In just the last few weeks, Google has taken the Internet by storm with its newly unveiled logo. Everyone seems to have an opinion about the update—even the New Yorker. In times like these, it’s easy to forget that the service Google provides extends far beyond that of a search engine logo. In fact, the company launched Google Domains back in January—a straightforward, well-priced service that’s currently available to the public in its beta testing form. If you’re interested in hearing about something other than the Google logo’s lost serifs or alleged evolution towards Comic Sans, check out the pricing and features of the company’s domain service summarized below.
Free private registration
It’s pretty widely understood that Google’s debut in the domain field means going head-to-head with companies who were previously collaborators. One of the major competitive perks offered by Google Domains is free private registration, whereas popular contender GoDaddy charges $7.99+ for the same feature.
Compatibility with popular website builders
Google doesn’t offer its own website builder just yet, but solves this issue by integrating with Squarespace, Wix, Weebly, and Shopify. It’s a good idea to weigh each third-party builders’ fees when deciding which service to employ. Users also have the option of integrating their domain with Google Apps and Blogger for free.
Domain management tools
Google Domains’ goal is to simplify the way users purchase, transfer, and control their domain names. As a result, customers are provided with an uncomplicated set of management tools intended to get things done. The array includes dynamic DNS, TTL configuration, Google Synthetic Records, security provisions such as domain locking, and management capabilities for both resource records and name servers. Keep in mind that the interface only allows users to work with one domain name at a time, which can be problematic for those who have a large number of domains to contend with.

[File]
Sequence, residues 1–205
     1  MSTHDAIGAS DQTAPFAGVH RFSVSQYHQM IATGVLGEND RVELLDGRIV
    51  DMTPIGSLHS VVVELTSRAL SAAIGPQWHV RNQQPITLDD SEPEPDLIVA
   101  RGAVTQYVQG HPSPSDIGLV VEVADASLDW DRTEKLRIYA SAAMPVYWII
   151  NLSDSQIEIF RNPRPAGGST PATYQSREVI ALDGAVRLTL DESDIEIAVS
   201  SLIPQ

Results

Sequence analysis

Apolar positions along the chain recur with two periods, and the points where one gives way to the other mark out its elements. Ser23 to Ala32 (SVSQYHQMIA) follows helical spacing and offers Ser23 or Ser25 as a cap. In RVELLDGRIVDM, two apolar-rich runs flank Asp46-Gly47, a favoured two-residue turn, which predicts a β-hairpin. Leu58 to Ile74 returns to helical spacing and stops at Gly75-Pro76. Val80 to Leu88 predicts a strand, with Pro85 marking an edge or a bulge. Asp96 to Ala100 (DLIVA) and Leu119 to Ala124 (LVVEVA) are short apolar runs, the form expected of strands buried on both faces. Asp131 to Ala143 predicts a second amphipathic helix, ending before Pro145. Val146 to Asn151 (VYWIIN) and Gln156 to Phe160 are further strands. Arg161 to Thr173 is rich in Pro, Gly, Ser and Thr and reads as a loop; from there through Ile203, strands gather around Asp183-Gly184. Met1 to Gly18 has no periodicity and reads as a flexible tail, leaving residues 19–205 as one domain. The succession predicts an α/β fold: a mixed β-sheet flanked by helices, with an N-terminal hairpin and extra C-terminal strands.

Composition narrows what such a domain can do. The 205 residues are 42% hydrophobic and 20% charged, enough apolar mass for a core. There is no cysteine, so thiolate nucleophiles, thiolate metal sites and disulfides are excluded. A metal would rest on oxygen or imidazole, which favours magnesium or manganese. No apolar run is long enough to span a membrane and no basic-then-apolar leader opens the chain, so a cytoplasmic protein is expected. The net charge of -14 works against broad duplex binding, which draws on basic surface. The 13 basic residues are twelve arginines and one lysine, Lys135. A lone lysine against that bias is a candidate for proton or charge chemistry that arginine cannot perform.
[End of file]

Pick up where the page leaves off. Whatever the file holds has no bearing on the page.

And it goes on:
Email and website forwarding
Google Domains fittingly offers free email forwarding to any Gmail address. The obvious assumption is that individuals interested in Google Domains have also made the switch to Gmail by now—you’ll end up paying for it if you’re still on Yahoo or some other email provider. Users can generate as many as 100 email aliases for each domain. The free website forwarding feature is pretty simple, allowing users to forward visitors from one domain URL to a central website. (For example, typing in www.choose.net would send you to www.choose.com.)
Google Domains is still in beta, but customer support has been reviewed favorably. Users who encounter any problems are free to utilize the chat, phone, and email support options.
Depending on which top-level domain (TLD) you choose, you’ll pay anywhere from $11 to $110, though the standard offerings like .com clock in at $12. Google offers quite a mix of TLDs to consider, with quirkier options including .guru, .ninja, .ventures, and more. As for domain renewal, your initial purchase charge remains consistent from year to year, and you can pay for up to 10 years of registration at a time.